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U.S. Unadjusted Unemployment Rate at 8.1% in August

U.S. Unadjusted Unemployment Rate at 8.1% in August

WASHINGTON, D.C. -- U.S. unemployment, as measured by Gallup without seasonal adjustment, is 8.1% for the month of August, down slightly from 8.3% measured in mid-August and 8.2% for the month of July. Gallup's seasonally adjusted unemployment rate for August is also 8.1%, a slight uptick from 8.0% at the end of July.

Gallup Adjusted and Unadjusted Unemployment Rate Trend, January 2011-August 2012

These results are based on Gallup Daily tracking interviews, conducted by landline and cell phone, with more than 30,000 Americans throughout the month. Gallup calculates a seasonally adjusted unemployment rate by applying the adjustment factor the government used for the same month in the previous year. The government adjusted its July numbers downward last year, but made no adjustment in August, which accounts for the increase in seasonally adjusted unemployment despite the decline in the unadjusted number.

U.S. unemployment declined significantly during the first part of the year, but August marks the third straight month with little change in the unadjusted number. Gallup's estimate of adjusted unemployment has increased by 0.3 percentage points since June. Despite the lackluster jobs growth, August's 2012 unadjusted and adjusted unemployment are each more than a full point lower than they were in August 2011.

Underemployment, as measured without seasonal adjustment, was 17.1% in August, unchanged from the end of July but significantly improved from 18.5% a year ago. Gallup's U.S. underemployment measure combines the percentage who are unemployed with the percentage of those working part time but looking for full-time work. Gallup does not apply a seasonal adjustment to underemployment. Demographic breakouts of Gallup's U.S. unemployment and underemployment numbers for August are found on page 2.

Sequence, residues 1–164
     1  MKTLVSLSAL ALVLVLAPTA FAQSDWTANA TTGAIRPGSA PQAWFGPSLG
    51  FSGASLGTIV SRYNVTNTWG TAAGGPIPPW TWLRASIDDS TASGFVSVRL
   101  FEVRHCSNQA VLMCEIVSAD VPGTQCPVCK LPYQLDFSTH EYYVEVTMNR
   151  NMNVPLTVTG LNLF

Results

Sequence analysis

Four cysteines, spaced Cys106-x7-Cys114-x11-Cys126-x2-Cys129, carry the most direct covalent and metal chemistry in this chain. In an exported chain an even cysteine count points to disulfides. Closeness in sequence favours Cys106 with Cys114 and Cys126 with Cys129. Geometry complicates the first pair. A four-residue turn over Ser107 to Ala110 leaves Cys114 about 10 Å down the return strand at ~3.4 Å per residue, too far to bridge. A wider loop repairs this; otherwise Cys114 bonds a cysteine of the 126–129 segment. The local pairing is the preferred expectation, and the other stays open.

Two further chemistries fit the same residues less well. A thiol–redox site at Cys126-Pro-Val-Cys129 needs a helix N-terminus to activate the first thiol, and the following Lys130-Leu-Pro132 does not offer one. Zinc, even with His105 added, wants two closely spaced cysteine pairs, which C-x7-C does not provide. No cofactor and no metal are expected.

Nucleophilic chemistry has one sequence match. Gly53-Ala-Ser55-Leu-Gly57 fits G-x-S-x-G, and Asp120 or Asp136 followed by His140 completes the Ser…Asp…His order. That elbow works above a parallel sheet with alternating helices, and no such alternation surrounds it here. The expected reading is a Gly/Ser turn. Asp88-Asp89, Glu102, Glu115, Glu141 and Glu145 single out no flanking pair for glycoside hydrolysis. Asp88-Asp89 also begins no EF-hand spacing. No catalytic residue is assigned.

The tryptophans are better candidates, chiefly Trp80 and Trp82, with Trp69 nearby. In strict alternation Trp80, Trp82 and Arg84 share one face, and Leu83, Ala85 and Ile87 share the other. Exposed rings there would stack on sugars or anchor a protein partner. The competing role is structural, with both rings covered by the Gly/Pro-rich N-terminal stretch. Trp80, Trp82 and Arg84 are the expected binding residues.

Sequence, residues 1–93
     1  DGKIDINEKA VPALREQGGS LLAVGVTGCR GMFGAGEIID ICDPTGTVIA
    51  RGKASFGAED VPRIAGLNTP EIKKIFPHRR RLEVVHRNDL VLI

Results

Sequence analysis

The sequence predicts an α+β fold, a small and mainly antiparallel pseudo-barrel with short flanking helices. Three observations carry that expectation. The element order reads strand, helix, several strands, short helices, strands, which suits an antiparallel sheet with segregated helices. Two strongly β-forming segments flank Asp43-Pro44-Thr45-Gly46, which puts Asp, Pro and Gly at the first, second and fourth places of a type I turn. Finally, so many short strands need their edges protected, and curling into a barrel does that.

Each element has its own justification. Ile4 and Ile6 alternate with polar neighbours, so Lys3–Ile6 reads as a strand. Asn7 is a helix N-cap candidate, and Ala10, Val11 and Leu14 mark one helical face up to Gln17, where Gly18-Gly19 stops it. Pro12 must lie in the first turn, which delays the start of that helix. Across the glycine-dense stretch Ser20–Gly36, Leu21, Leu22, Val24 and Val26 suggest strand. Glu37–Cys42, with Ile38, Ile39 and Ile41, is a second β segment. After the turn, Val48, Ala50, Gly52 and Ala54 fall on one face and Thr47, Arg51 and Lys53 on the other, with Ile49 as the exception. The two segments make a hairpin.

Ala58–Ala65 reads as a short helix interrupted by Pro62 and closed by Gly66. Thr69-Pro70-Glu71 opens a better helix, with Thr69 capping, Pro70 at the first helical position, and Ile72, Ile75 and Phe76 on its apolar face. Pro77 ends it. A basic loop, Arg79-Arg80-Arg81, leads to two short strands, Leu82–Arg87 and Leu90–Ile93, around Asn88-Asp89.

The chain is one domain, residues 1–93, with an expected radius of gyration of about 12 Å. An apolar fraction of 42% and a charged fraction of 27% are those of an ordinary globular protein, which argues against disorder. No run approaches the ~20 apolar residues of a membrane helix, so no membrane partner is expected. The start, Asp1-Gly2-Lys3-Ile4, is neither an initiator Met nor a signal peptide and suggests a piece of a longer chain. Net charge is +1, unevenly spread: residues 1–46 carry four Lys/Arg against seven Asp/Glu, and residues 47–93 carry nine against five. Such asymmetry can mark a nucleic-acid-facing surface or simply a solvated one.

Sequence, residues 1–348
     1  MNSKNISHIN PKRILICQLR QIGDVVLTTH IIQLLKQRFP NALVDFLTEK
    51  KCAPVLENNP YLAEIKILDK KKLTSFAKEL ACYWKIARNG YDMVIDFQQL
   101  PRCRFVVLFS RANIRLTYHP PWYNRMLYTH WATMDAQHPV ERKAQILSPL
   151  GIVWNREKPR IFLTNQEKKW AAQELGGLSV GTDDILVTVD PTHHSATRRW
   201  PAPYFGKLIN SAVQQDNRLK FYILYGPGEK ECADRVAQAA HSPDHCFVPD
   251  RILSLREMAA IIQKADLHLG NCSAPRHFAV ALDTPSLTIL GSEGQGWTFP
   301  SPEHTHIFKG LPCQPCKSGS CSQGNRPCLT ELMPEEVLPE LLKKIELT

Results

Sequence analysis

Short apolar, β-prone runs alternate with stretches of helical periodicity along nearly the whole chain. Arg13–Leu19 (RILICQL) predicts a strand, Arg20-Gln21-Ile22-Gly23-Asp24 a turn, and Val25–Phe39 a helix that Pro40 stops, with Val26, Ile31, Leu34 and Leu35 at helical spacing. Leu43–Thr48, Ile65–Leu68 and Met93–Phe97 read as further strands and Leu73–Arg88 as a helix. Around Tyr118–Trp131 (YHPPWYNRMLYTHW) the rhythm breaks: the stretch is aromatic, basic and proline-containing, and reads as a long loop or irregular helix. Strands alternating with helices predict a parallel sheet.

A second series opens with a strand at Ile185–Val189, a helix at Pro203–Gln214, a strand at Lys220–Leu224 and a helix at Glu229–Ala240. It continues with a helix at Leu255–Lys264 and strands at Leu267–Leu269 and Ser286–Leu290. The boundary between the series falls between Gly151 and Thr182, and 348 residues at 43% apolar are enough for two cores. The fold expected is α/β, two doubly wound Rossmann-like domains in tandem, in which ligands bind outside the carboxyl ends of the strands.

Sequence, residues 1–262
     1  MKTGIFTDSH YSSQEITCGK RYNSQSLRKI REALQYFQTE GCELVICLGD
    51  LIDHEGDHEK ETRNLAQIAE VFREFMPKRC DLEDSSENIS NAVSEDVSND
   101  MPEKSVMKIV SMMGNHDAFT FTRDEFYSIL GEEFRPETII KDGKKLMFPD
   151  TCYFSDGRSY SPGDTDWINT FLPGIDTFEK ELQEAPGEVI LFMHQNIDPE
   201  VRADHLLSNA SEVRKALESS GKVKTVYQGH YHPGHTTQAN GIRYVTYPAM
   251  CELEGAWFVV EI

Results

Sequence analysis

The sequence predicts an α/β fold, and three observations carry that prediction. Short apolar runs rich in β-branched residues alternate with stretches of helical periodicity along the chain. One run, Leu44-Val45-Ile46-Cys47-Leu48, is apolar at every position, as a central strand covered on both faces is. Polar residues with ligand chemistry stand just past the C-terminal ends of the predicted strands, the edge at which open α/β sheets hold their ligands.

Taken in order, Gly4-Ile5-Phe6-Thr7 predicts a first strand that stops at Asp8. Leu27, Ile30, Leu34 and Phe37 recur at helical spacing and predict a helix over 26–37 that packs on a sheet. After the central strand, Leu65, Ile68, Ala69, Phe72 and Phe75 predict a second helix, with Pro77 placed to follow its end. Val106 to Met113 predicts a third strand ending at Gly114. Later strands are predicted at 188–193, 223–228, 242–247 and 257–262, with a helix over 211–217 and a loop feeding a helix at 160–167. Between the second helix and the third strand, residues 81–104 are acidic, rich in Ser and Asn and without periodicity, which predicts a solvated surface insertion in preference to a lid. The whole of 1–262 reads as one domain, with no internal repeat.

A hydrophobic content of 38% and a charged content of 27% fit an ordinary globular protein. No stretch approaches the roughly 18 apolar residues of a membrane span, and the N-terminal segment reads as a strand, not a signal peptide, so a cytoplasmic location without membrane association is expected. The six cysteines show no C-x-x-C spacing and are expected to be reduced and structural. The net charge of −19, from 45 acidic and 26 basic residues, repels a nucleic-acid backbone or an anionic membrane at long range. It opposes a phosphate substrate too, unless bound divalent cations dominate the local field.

Gallup's U.S. Underemployment Rate, Monthly Averages

Nine percent of the workforce was employed part time but wanted full-time work during August, little changed from 8.9% at the end of July. The number of part-timers wanting-full time work fluctuates considerably depending on the time of year, which may have to do with part-time seasonal hiring. Although the current reading is down from earlier in the year, it is similar to the 9.3% of a year ago. Gallup does not seasonally adjust the measure on part-timers wanting full-time work.

Percentage of U.S. Workers Working Part Time but Wanting Full-Time Work, Monthly Averages

Six in 10 Part-Timers Have No Hope of Finding a Full-Time Job

Although unemployment has been flat over the past three months, Americans are no less hopeful about finding work soon. Forty-six percent of underemployed Americans are hopeful they will find a job in the next four weeks, virtually unchanged from a month ago. Still, a majority of the underemployed are not hopeful they will find work in the next four weeks, and six in 10 part-timers who want to be working full time have no hope they will find a full-time position in that time frame.

Trend: Hope of Finding a Job in the Next Four Weeks


The decline in unemployment seen earlier in the year has not been sustained, with unadjusted unemployment flat over the past three months. Although there is no longer a net loss of jobs, employers are not adding enough jobs to dramatically reduce the unemployment rate.